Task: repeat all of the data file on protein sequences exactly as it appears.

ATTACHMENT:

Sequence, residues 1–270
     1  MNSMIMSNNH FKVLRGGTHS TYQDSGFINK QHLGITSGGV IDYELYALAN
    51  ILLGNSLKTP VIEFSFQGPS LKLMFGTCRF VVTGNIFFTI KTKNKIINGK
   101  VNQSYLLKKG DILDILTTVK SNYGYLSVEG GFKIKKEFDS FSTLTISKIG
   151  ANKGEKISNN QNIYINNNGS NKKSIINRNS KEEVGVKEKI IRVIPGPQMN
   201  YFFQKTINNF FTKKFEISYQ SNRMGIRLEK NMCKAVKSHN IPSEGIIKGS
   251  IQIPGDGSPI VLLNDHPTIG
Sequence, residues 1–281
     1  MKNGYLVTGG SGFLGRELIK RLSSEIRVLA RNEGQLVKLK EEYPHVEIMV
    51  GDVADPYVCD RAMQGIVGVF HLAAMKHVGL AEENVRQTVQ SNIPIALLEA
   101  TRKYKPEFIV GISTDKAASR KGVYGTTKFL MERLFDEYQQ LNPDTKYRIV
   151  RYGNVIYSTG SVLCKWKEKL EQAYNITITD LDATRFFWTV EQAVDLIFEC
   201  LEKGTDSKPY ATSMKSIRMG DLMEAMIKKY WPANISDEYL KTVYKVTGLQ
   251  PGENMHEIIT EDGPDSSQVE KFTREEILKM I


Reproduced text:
Sequence, residues 1–270
     1  MNSMIMSNNH FKVLRGGTHS TYQDSGFINK QHLGITSGGV IDYELYALAN
    51  ILLGNSLKTP VIEFSFQGPS LKLMFGTCRF VVTGNIFFTI KTKNKIINGK
   101  VNQSYLLKKG DILDILTTVK SNYGYLSVEG GFKIKKEFDS FSTLTISKIG
   151  ANKGEKISNN QNIYINNNGS NKKSIINRNS KEEVGVKEKI IRVIPGPQMN
   201  YFFQKTINNF FTKKFEISYQ SNRMGIRLEK NMCKAVKSHN IPSEGIIKGS
   251  IQIPGDGSPI VLLNDHPTIG
Sequence, residues 1–281
     1  MKNGYLVTGG SGFLGRELIK RLSSEIRVLA RNEGQLVKLK EEYPHVEIMV
    51  GDVADPYVCD RAMQGIVGVF HLAAMKHVGL AEENVRQTVQ SNIPIALLEA
   101  TRKYKPEFIV GISTDKAASR KGVYGTTKFL MERLFDEYQQ LNPDTKYRIV
   151  RYGNVIYSTG SVLCKWKEKL EQAYNITITD LDATRFFWTV EQAVDLIFEC
   201  LEKGTDSKPY ATSMKSIRMG DLMEAMIKKY WPANISDEYL KTVYKVTGLQ
   251  PGENMHEIIT EDGPDSSQVE KFTREEILKM I